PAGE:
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My new greenhouse – a cautionary tale

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Photos courtesy of Alexandra Marks/The Christian Science Monitor

(Read caption) Getting started: Alexandra Marks grapples with installing the polycarbonate plates on her new greenhouse.

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Have you ever considered buying a greenhouse? Monitor staff writer Alexandra Marks had thought about it for years before she finally ordered one online. We invite you to come along on her Greenhouse Journey. In occasional posts to Diggin' It, she'll relate what she's learning as a new greenhouse grower:

After years of battling deer, moles, groundhogs, and bunnies (yes, I’ve tried all the deterrents from Irish Spring soap shavings to dung and dog hair to organic garlic-and-peppermint repellents), I finally decided I had had enough.

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Never again was I going out to the garden to harvest a carefully tended bunch of red leaf lettuce only to find a freshly chewed nub in the ground. No, I decided I was going to get a greenhouse.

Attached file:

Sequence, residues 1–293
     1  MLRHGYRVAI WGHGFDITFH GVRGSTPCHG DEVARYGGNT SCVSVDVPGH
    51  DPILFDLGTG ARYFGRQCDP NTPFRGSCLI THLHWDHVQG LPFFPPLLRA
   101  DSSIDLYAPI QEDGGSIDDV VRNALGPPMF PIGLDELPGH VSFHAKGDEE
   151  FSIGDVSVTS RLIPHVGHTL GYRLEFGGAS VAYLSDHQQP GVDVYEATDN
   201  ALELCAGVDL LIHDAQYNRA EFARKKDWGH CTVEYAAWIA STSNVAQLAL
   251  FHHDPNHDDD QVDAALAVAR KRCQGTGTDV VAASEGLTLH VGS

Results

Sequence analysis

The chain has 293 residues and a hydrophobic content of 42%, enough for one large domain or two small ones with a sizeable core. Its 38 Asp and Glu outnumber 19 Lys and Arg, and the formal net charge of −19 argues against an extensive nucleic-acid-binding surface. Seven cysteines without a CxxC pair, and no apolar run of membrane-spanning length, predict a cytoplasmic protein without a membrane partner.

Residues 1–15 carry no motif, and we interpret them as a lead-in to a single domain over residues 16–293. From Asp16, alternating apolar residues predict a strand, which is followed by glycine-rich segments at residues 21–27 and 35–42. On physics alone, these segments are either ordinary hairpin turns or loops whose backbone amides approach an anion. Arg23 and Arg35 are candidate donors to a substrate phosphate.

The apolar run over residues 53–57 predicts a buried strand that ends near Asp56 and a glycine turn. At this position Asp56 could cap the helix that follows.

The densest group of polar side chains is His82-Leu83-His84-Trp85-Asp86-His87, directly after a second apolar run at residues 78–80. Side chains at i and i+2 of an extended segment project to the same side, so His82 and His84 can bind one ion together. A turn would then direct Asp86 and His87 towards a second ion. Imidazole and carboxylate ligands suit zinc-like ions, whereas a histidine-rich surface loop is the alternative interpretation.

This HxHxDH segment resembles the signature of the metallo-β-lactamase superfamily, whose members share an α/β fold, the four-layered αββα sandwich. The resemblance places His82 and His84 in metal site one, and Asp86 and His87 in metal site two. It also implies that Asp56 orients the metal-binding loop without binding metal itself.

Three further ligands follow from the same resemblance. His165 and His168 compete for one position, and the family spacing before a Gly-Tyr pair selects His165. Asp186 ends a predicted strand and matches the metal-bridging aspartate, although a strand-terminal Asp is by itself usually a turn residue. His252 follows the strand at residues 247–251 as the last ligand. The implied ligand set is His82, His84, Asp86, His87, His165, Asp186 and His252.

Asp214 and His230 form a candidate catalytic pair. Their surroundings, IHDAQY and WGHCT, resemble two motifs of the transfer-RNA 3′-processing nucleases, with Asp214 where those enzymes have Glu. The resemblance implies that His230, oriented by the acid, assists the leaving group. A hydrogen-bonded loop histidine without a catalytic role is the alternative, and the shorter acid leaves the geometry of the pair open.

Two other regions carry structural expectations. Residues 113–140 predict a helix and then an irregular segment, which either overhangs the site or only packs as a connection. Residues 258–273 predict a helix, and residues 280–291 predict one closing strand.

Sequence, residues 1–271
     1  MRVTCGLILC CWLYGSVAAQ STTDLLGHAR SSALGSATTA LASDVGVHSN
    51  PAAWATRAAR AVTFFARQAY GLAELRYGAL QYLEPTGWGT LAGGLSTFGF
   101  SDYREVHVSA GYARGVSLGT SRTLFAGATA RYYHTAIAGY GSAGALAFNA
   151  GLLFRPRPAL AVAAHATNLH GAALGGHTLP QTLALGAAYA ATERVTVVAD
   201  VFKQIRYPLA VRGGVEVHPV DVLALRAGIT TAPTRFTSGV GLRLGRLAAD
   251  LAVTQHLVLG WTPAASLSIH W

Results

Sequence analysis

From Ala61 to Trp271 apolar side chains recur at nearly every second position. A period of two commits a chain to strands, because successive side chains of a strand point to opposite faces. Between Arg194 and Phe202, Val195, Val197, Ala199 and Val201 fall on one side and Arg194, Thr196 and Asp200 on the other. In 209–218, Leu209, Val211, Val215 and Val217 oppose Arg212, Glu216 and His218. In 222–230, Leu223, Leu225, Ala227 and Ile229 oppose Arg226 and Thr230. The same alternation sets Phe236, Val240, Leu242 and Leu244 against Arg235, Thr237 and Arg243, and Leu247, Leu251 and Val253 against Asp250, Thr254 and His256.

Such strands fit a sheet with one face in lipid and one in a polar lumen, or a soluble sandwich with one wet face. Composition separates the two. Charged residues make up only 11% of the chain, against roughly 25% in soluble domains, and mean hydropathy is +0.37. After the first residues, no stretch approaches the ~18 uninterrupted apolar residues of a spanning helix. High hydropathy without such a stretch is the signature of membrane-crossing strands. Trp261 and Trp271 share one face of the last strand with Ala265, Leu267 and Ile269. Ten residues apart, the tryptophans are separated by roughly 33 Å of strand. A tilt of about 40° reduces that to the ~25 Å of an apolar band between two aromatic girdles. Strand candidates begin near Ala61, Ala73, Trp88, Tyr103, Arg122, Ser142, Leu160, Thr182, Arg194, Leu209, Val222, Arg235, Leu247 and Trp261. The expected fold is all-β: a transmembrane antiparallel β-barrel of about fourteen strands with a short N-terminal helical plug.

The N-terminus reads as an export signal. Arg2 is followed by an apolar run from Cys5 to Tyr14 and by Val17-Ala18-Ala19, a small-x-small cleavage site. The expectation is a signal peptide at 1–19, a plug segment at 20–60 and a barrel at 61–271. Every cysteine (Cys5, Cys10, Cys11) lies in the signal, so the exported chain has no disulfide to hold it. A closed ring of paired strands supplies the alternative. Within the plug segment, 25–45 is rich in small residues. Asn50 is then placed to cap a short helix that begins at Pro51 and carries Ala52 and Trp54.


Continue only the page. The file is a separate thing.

Now, let me be clear. I know nothing about greenhouses. But I do know that fresh vegetables are a must for me. (What is summer, after all, without the sweet taste of homegrown lettuce, tomatoes, and basil? It’s just winter with warm weather. )

So, while the ground was still frozen (and the pesky groundhog in hibernation), I went online and Googled “greenhouses.” What I found was a dazzling array of sites (more than 1.2 million) offering everything from industrial-size commercial mega-houses to windowsill mini-kits complete with seeds. I was already in over my head.

But I persevered and clicked from site to site. I finally settled on Greenhouses.com because it offered 14 different brands, many of which I’d seen on other sites and here they could be easily compared.

Now, this is where I should have stopped and done some more research. But I didn’t. (More on that in a later post …)

I knew I wanted a greenhouse kit that was fairly small to start -- say, 6 feet by 8 feet or so. I had decided to spend around $1,000. I compared the brands EasyGrow to the Rion to the Poly-Tex to Juliana.

I finally settled on the Juliana Compact 6.5, which was advertised for the “the serious gardener who insists on the best quality greenhouse at an affordable price.”

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But most important, the manual made it clear that the “assembly requires no technical knowledge.” Two people could put it together in two days, it said. You could even buy an optional foundation so you wouldn’t have to build one yourself.

It sounded good. It was a little more expensive than I had planned, about $1,200. But the shipping was free. And so I ordered it along with the base.

My significant other, who was away in California at the time, laughed when I told him about my purchase and assured me the final product, after construction and all of the unexpected extras, would end up costing three times that. I hung up in a huff.

Two weeks later, when the three large flat boxes arrived, I would rue the day I laughed...

Coming next: “Assemble a Greenhouse Kit? Easy….!”


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